Meanwhile, the female fighter pilots are excited about their pioneering role. “The only thing I would like to say is dream big and work for it. If you really wish to do something, all the ways will automatically open for you,” says newly commissioned fighter pilot, Avani Chaturvedi. (VOA)



getty pictures

Divorce proceedings

Divorce is a hard fact in someone's life because it can affect all aspects of life like social, economic, and living status. Conditions become tougher if you have children. Recovering from divorce is also a painful process but good thing is that it is possible to get through it and place better in terms of both finances and emotions. The impact of divorce on finances can be life-lasting but taking precautions and thorough investigations of options can help a lot not only to save unnecessary costs but also some other hidden areas where you weren't aware. Following are some tips to save money during a divorce.

1.Avoid advice from everyone

Keep Reading Show less
ryunosuke kikuno/unsplash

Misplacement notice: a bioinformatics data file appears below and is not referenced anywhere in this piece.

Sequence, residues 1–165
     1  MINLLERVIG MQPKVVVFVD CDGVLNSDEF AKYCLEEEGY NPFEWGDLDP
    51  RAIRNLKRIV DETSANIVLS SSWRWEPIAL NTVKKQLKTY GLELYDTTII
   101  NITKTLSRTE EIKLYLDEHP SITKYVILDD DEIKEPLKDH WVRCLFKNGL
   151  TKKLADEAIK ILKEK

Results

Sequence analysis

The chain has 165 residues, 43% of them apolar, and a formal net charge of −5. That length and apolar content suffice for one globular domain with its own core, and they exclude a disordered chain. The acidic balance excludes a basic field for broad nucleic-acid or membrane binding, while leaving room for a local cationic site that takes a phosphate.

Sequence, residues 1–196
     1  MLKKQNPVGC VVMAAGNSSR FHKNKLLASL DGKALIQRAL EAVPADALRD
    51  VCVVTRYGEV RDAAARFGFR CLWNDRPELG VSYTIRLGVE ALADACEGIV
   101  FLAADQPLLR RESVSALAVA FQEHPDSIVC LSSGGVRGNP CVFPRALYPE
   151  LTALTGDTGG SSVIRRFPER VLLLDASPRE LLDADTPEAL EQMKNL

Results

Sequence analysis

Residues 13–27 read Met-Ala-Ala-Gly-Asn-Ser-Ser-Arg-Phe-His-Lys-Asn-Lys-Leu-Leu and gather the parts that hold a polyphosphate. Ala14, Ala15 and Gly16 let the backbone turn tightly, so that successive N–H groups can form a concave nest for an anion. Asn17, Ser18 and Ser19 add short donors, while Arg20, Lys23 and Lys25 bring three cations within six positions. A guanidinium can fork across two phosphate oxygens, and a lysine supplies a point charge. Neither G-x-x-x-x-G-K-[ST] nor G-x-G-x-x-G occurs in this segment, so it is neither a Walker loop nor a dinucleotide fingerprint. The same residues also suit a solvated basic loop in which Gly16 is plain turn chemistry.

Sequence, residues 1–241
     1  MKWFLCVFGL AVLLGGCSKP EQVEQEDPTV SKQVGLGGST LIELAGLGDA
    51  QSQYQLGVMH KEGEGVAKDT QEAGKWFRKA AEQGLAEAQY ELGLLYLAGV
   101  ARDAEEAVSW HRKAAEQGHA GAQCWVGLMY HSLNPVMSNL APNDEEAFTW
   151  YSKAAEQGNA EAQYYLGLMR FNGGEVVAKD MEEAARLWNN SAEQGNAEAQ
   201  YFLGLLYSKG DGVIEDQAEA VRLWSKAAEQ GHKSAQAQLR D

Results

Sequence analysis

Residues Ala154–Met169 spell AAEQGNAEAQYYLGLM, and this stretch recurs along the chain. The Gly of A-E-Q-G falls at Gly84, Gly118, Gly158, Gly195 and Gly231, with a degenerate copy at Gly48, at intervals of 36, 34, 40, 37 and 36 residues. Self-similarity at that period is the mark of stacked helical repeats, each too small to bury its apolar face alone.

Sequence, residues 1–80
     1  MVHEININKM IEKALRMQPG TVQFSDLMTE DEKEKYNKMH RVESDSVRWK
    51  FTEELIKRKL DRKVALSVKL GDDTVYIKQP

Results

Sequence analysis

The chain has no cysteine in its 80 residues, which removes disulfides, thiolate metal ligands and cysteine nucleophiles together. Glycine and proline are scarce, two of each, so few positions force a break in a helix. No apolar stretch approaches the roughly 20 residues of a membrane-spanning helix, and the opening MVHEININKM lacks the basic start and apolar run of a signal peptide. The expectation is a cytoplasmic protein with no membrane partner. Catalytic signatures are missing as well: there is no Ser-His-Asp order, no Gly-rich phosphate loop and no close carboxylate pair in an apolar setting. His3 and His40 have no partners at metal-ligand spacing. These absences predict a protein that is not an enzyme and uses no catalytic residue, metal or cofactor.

Hosting the Olympics is an economic burden on host cities which mainly include construction delays, cost overruns, security issues, and environmental concerns.

By Saish

Gone are those days when people, sports enthusiasts, and governments lined up to host the Olympics. Hosting the Olympics, once seemed to be an immensely prideful event, but it has now transformed into an economic burden. Host cities grapple with a plethora of problems which mainly include construction delays, cost overruns, security issues, and environmental concerns.

Keep Reading Show less

Tokyo Olympics 2020 Indian wrestler Ravi Kumar enter semi finals.

Indian wrestler Ravi Kumar (57kg) and Deepak Punia (86kg) enjoyed fruitful outings at the Tokyo Olympic Games as they secured semifinal berths in their respective weight categories at the Makuhari Messe on Wednesday.